What did that chicken say?

National Post (National Edition) - - NEWS - TRISTIN HOP­PER thop­per@na­tion­al­post.com Twit­ter: TristinHop­per

Although Canada is an of­fi­cially bilin­gual coun­try, a large ma­jor­ity of Cana­di­ans do not speak a word of French. Ev­ery day there are mil­lions of Cana­di­ans read­ing French la­bels, lis­ten­ing to French tele­phone mes­sages and sit­ting through French safety an­nounce­ments — and hav­ing no idea what they’re hear­ing. They might as­sume that ev­ery ap­pear­ance of French is a pitch-per­fect trans­la­tion of English — but they would be wrong. Be­low, some of the ways in which fran­co­phones don’t see Canada quite the same as an­glo­phones.

TO FRAN­CO­PHONES, CANADA HAS 14 PRIME MIN­IS­TERS

There is no word for “pre­mier” in French, which means that Canada’s 13 pro­vin­cial and ter­ri­to­rial lead­ers are known as “prime min­is­ters” or, more pre­cisely, “first min­is­ters.” As a re­sult, Justin Trudeau isn’t the prime min­is­ter, he’s just the fed­eral one.

CANA­DI­ANS CAP­TURED JUNO BEACH ON “J-DAY”

The “d” in “D-Day” doesn’t stand for any­thing. Much like the term “H-Hour,” it’s just a easy-to-re­mem­ber mil­i­tary term for the first day of an op­er­a­tion. For the French Cana­dian units who stormed Juno Beach on June 6, 1944, how­ever, the in­va­sion of Nor­mandy was to start on “Jour J.”

THE HOUSE OF COM­MONS IS KNOWN AS THE CHAM­BER OF COM­MU­NI­TIES

French-speak­ers re­fer to Canada’s lower house of Par­lia­ment as the “Cham­bres des Com­munes,” which roughly trans­lates as the room or cham­ber of com­mu­ni­ties. This is ac­tu­ally a more ac­cu­rate ver­sion of what the term “House of Com­mons” ac­tu­ally means. A pop­u­lar mis­con­cep­tion is that the House of Com­mons is a “house of com­mon peo­ple.” In fact, since the ear­li­est days of the English House of Com­mons, the word com­mons has been a deriva­tion of “com­munes” — mean­ing that the as­sem­bly is a col­lec­tion of com­mu­nity rep­re­sen­ta­tives.

THE DO­MIN­ION OF CANADA TRANS­LATES TO THE POWER OF CANADA

Canada was founded as a “do­min­ion,” a nom­i­nally in­de­pen­dent coun­try within the larger Bri­tish Em­pire. Although the term is largely out­dated, Canada’s of­fi­cial full name be­gan as “the Do­min­ion of Canada.” But French-Cana­di­ans picked an em­pir­i­cally su­pe­rior term to re­fer to the new coun­try. They lived in “la Puis­sance du Canada” (the “Power of Canada”).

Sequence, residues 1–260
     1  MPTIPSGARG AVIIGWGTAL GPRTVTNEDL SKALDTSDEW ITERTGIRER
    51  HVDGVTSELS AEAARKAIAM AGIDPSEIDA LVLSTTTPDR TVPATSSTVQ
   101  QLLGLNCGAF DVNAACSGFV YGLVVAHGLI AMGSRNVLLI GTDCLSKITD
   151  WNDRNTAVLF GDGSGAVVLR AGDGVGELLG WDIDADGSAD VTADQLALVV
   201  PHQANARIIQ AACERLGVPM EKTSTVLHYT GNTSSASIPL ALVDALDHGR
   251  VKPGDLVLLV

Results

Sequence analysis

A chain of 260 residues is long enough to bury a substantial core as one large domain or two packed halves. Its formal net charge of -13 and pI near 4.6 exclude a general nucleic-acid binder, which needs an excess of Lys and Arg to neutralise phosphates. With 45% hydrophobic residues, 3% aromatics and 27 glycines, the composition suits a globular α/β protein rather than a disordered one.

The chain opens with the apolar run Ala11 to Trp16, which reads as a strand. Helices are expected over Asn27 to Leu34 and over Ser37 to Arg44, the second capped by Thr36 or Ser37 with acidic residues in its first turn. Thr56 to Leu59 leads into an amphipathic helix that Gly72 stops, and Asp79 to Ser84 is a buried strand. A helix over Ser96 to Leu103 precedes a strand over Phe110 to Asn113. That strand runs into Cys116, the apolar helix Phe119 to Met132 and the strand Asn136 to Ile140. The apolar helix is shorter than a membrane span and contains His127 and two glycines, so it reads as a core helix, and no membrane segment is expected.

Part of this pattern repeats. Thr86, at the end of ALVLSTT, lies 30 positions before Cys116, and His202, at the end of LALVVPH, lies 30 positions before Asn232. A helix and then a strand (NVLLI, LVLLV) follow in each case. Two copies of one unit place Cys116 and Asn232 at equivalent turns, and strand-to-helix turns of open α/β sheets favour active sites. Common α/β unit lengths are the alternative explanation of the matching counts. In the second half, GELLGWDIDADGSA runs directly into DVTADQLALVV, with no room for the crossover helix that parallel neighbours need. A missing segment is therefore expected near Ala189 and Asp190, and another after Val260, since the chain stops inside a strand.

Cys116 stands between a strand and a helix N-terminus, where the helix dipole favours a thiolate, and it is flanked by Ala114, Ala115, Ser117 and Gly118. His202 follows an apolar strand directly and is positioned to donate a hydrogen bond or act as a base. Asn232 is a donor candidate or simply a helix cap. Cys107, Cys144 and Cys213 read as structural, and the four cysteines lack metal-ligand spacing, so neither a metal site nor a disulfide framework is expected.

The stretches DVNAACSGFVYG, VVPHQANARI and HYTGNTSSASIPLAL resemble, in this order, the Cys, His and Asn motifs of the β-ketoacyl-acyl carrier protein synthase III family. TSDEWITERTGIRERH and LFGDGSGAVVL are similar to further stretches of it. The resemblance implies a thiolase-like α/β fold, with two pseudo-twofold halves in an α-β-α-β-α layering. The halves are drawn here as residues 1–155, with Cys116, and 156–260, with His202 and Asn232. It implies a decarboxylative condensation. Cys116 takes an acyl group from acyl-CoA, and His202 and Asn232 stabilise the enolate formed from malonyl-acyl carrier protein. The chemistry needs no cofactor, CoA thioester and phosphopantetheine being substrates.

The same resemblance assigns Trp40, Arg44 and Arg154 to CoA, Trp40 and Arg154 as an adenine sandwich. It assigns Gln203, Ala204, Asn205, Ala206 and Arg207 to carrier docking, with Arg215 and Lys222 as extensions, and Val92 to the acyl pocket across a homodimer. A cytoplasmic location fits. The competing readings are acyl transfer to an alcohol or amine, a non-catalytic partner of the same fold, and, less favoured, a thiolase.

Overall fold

QUE­BEC DUCKS SAY “COIN-COIN,” NOT “QUACK-QUACK”

When it’s not shak­ing down Mon­treal­ers for sig­nage vi­o­la­tions, the Of­fice québé­cois de la langue française is com­pil­ing de­tailed in­struc­tions on the cor­rect way to speak French in Que­bec. One of their lists lays out the proper ono­matopoeia to re­fer to an­i­mal noises. Dogs say “wouf,” cats say “ron­ron,” chick­ens say “cot-cot” and ducks say “coin-coin.”

THE NAKED GUN MOVIE IS KNOWN AS PO­LICE OF­FI­CER ACT­ING FARCICALLY

The comedic pin­na­cle of Cana­dian ac­tor Les­lie Nielsen has a sur­pris­ingly un­fun name in French: L’Agent fait la farce, which roughly trans­lates into “Po­lice Of­fi­cer Act­ing Farcically.” This is a specif­i­cally Que­bec quirk. In France, the film is called “Is There a Movie to Save the Queen?”

HARRY POT­TER USES A “BAGUETTE” TO CAST SPELLS

While English speak­ers know a baguette only as a slen­der type of French bread, in French it’s a pretty ver­sa­tile word roughly mean­ing “stick.” Chop sticks are baguettes, drum sticks are baguettes and the var­i­ous magic wands of the Harry Pot­ter uni­verse are baguettes, too.

FRAN­CO­PHONES DON’T LOOK FOR WALDO, THEY LOOK FOR CHAR­LIE

While English Cana­di­ans hunted for the be-tuqued fig­ure of Waldo, their fran­co­phone neigh­bours were on the look­out for “Char­lie.” This is a func­tion of Where’s Waldo’s shrewd pub­lish­ers, who gave the char­ac­ter a cul­tur­ally spe­cific name in ev­ery mar­ket where the books were sold. In fact, he’s known as “Wally” in Aus­tralia and the U.K. It also means that when­ever a politi­cian named “Char­lie” doesn’t make a pub­lic ap­pear­ance for a while, Que­bec me­dia gets to write “où est Char­lie?” Speak­ing of Char­lies, the si­lent film leg­end Char­lie Chap­lin is known to the world’s French speak­ers as “Char­lot.”

FRENCH-CANA­DI­ANS HAVEN’T BEEN CHANG­ING THEIR WORD FOR “INDIGE­NOUS” EV­ERY 10 YEARS

Ev­ery decade or so, English Canada feels the need to change the name for its first peo­ples. There was “na­tive,” then “Abo­rig­i­nal” and now “Indige­nous.” But in fran­co­phone quar­ters, First Na­tions, Metis and Inuit have been known pretty con­sis­tently as “au­tochtones.”

THE BIG DIPPER IS KNOWN AS THE BIG BEAR

The Big Dipper is the most rec­og­niz­able con­stel­la­tion to al­most every­one in the North­ern Hemi­sphere. But while an­glo­phones know it by its re­sem­blance to a type of scoop, in French Canada it’s known as “the big bear.” And, since all French nouns are gen­dered, their word specif­i­cally refers to a fe­male bear. This is in keep­ing with the con­stel­la­tion’s Latin name, Ursa Ma­jor, which also de­notes the star pat­tern as a fe­male bear.

ERNEST DOROSZUK / TORONTO SUN FILES

A chicken would never ut­ter a vul­gar cluck in Que­bec — it’s a “cot-cot” in that prov­ince.

Newspapers in English

Newspapers from Canada

© PressReader. All rights reserved.